My dad is still a good man.  I still think of him that way even if things are quite as they should be between us.  It has been a rocky road for us but he’s still my dad and always will be.  I wouldn’t have wanted anyone else to have been my Dad.It’s tough writing this because it exposes some of my raw emotions.  While most Dads aren’t supposed to show emotions, I remember times that I saw my Dad cry.  I know I have probably been some of his tears.  I am not one that seeks to blame his Dad for things that he did or didn’t do in my childhood for some setback today.  My Dad was just like any other parent, he did the best he knew to do with the time and situation during those years.  I certainly don’t put anything on him.  It was what it was.

The connection a man has with his father shapes his life. Which is why every adult son must choose how that relationship will – or won’t – define him.   His ways prepared my way.  I am who I am because of him.  It was 35 years ago this month when I left home to join the United States Air Force but the lessons he taught me continues to this day.  My work ethic and personality are a lot like his.  Yes, I have tweaked it a lot over the years but he’s still there.  I see him in me when I look in the mirror.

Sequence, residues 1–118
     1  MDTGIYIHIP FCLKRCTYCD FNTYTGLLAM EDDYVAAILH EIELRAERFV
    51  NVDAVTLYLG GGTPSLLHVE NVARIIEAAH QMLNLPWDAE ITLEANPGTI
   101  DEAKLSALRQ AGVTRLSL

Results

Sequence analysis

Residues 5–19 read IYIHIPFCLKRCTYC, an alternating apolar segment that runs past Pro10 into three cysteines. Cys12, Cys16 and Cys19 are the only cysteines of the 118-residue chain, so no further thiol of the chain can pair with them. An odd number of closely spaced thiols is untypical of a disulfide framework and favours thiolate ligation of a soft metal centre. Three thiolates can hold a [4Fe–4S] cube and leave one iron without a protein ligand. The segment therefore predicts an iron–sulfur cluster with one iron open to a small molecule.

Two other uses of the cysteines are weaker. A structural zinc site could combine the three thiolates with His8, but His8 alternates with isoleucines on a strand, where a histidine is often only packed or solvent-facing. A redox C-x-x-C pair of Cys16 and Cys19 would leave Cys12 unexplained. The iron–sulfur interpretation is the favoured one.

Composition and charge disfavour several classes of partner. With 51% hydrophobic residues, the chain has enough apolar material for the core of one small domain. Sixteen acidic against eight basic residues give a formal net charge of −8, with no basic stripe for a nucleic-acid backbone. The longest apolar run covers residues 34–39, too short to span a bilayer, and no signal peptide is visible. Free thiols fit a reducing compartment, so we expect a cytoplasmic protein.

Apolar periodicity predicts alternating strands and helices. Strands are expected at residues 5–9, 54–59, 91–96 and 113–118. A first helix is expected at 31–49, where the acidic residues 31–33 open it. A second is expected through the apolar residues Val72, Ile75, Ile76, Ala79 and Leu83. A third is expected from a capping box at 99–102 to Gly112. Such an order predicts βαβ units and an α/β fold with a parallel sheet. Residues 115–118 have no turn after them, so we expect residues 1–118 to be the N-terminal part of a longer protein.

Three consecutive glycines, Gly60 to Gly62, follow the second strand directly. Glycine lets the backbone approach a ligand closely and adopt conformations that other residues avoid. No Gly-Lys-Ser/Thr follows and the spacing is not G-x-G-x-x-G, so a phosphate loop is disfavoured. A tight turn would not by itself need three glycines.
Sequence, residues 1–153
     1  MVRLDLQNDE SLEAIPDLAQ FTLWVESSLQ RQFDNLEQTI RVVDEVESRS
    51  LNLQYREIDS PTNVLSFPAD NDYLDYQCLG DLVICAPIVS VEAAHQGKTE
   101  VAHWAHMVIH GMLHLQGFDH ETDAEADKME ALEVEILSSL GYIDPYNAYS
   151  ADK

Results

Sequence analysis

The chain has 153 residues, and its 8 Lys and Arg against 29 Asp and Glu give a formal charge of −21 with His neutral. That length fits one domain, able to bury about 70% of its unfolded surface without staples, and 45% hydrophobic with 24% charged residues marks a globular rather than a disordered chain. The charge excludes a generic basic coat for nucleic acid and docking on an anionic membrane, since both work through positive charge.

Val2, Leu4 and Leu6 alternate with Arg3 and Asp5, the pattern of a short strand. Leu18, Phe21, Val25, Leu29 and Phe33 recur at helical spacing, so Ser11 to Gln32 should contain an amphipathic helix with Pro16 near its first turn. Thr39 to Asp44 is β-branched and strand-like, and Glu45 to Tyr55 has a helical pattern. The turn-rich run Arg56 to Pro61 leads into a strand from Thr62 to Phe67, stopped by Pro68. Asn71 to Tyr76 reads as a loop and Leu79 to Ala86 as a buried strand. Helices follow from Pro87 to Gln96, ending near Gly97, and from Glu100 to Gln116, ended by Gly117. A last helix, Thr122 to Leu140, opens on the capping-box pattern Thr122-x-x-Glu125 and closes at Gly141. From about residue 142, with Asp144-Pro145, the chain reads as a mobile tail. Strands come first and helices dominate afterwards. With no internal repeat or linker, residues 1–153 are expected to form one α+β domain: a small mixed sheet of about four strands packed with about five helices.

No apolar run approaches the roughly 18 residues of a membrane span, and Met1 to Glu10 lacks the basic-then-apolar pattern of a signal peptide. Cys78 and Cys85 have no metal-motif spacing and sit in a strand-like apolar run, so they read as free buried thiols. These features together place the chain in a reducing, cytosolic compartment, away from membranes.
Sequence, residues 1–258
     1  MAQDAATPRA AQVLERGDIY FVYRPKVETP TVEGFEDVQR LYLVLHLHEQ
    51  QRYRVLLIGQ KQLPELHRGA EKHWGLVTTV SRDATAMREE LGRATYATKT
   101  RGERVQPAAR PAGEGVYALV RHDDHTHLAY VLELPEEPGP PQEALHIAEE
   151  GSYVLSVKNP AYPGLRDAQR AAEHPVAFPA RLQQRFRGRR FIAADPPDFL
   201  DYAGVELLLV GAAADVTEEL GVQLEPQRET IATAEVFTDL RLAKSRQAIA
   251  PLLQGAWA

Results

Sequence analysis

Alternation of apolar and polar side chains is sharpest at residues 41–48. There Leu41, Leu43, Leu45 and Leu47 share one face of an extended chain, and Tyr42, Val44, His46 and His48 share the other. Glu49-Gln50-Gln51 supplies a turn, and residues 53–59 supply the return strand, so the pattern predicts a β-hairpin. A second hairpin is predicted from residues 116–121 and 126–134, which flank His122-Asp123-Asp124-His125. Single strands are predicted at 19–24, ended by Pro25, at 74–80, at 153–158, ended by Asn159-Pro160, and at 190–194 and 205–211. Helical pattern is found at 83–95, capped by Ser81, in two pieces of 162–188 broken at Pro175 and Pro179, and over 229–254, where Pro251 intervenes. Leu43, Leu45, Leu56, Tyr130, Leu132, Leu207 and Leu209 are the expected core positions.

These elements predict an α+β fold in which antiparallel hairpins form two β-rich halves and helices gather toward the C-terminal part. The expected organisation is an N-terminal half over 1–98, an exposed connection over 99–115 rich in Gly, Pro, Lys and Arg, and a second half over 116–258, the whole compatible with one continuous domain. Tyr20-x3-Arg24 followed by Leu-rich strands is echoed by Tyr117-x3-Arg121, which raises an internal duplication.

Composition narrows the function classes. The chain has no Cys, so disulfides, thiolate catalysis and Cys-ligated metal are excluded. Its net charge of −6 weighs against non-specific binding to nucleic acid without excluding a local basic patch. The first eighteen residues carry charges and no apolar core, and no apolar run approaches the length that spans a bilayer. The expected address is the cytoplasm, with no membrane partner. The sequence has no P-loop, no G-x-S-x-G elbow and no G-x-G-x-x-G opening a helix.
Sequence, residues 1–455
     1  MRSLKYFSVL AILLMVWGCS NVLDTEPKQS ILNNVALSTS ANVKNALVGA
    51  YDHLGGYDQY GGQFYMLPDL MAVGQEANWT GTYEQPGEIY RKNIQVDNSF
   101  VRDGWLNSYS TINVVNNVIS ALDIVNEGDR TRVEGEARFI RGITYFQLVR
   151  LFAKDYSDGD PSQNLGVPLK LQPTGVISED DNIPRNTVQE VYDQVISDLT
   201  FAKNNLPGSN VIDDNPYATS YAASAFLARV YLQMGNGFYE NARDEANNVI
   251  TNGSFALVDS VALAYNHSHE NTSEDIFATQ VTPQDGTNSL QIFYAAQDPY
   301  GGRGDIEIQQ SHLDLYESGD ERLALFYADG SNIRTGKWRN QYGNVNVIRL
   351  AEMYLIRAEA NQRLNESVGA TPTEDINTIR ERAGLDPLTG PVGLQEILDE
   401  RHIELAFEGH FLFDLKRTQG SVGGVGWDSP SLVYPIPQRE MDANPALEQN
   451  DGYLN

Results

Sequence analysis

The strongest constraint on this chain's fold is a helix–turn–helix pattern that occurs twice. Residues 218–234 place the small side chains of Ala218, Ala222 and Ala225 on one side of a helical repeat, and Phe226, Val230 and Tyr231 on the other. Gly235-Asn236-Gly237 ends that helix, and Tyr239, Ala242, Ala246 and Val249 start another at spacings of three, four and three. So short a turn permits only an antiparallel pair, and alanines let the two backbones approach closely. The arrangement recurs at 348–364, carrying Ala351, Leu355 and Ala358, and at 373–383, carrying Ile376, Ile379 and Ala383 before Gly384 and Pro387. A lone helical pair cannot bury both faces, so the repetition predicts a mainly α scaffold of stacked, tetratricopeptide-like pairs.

Life isn’t always what we expected and we all make decisions that cause collateral hurts and consequences.  We all have to do the best that we can.  I have made some of those difficult decisions that have disappointed my Dad.   No son intentionally wants to disappoint their dad.  A son always wants to have his dad’s approval.  He wants to know that he made it regardless of how successful he has been on his own.  That approval matters deep inside of us somewhere.

When we’re not reconciled with our fathers, there’s something inside of us that remains restless. We don’t really grow up until we have come to terms with our fathers. Whether we want to admit it or not, we need our fathers to bless us in a way that brings us into adulthood regardless how old we are.

As for me, it doesn’t matter what has happened before.  He’s still my Dad.

Friday Flashback:  Father-Son Sports Teams